Brain & body: fighting childhood obesity.

Today there’s an explosion of obesity and type 2 diabetes, not only in adults, but also in our children. The amount of processed foods and cartoon shows that kids consume is ever increasing and leading to sugar-filled, sedentary lives.

In school we’re taught how to write, read, and do arithmetic, but often times we skip over the everyday skills, like choosing healthy meals, making good decisions, and taking care of our bodies.

The same place where we teach our children academic skills we also teach them life skills, whether we realize it or not. So, the choice is ours. We can either teach them to go for unhealthy convenience, or we can teach them to take the time to go for health.

I’m a 3rd grade teacher, instructing children from 7 to 8 years old, an age range where kids are developing lifelong habits that will determine the rest of their academic and adult life. I take it as my responsibility to build a foundation of health for the children that I teach. This is no easy task. There are many hurdles to jump, the biggest one being, how do I keep young students aware and engaged in health? Especially when there is a tasty treat available on every corner and eating a fun treat with friends is much more exciting than a healthy snack at break time.

In order to overcome this challenge I came up with a couple of solutions:

Number One: Be the role model.

  • The first and foremost thing to do is to be a healthy role model. When I’m in the classroom I try to exhibit healthy behaviours, such as being active and consuming healthy foods and beverages. I’m also involved in the school’s employee wellness program, planning running, walking, and netball clubs for employees, as well as special events like fun runs and “walk/cycle to school days,” for both parents and children. When the kids see their teacher excited about being healthy, that excitement rubs off and soon most of your class is walking or cycling to school!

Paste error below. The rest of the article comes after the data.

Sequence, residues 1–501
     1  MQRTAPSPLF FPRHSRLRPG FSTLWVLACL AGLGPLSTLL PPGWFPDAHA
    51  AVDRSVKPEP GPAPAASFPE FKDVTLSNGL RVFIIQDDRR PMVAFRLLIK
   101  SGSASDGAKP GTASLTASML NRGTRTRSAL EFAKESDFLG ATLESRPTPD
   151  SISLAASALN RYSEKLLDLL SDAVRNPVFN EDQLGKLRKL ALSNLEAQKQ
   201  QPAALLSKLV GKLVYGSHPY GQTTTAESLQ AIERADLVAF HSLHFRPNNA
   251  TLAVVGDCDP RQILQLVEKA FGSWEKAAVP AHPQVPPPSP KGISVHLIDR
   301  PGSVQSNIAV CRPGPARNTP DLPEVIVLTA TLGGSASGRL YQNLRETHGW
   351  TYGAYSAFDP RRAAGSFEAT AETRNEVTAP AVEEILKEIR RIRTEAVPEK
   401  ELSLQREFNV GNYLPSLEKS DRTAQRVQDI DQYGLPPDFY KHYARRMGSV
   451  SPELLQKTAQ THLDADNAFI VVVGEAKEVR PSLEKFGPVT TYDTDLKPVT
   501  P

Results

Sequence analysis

Number Two: Give Incentives.

  • During break time I give children an incentive to eat healthy snacks. The options include fruit, greek yoghurt, or vegetables. Every child that has a healthy snack puts their name into a jar and on Friday afternoons I pull a name out of the jar to see which child gets a night off of homework! Nearly every child has a healthy snack at break time now and they are learning to really enjoy it. Healthy does not have to equal boring.

Number Three: Choose Holistic Education

  • What do I mean by holistic education? I mean tackling the issue from all sides,  educating both the children and the parents. We as teachers feel it important that parents are educated on healthy eating habits and the importance of being healthy, this also includes looking after your emotional and mental wellbeing. This is why I discuss not only my students grades and classroom performance with parents during meetings, but also their health. It is surprisingly eye opening that a lot of children I teach, 7-8 years old, have negative thoughts about food and body image. Herein lies another reason why I am pro health education, as it brings awareness to potentially dangerous issues instead of ignoring them.

Number Four: Bring health to the classroom

  • Not only  does my class engage in healthy snack time, but we also focus on physical activity, doing at least 20 mins of movement a day. This does not include playtime at break or lunch time. This is an additional 20 minutes of physical activity with me, to get their brains in focus and their bodies moving. We do star jumps, bunny hops, and stretches between each lesson. In addition, they have 3 lessons of Physical Education each week- varied from gymnastics, dance, fitness drills and different sports like rugby, football, netball and hockey.
  • Another important health point I try to emphasize is water! People often forget to talk about water when they talk about health. I make sure children have water in the classroom, which is a surprisingly rare thing as most schools don’t allow water on the account that it’s potentially messy and/or a reason to get up from your desk. I say the more water the better and getting up to stretch your legs is a good thing. 

Number Five: Keep it in Balance

  • Every Friday afternoon we cook and make different dishes from smoothies to healthy option toppers for pizza and occasionally we make cakes and buns. I like to make desserts like sweet potato brownies and healthier treats just to show the kids how tasty they can be. I want to highlight to the children the importance of balance in their diet, allowing them to have sweet things, but in healthy moderation.

So there it is, 5 ways that I make health a fun priority in the classroom, allowing children to live a more fulfilling and energetic life, rather than a sugar-sedated one. What you eat and do with your body determines how you think, feel, and act. I want my kids to be the healthiest they can be so they can enjoy life and help solve the problems of the future generations to come. 

Until Next Time,


Patricia McKeown
Patricia McKeown

Being a teacher makes me super passionate about health & fitness for children.

I love encouraging kids to be more active and helping them (and their parents) make healthy diet decisions.

Education is key! The more knowledge we have about healthy living the better we can tackle childhood obesity.

I also LOVE to travel…

Read my blogs to find out diet & exercise tips for kids, and also travel tips for adults :)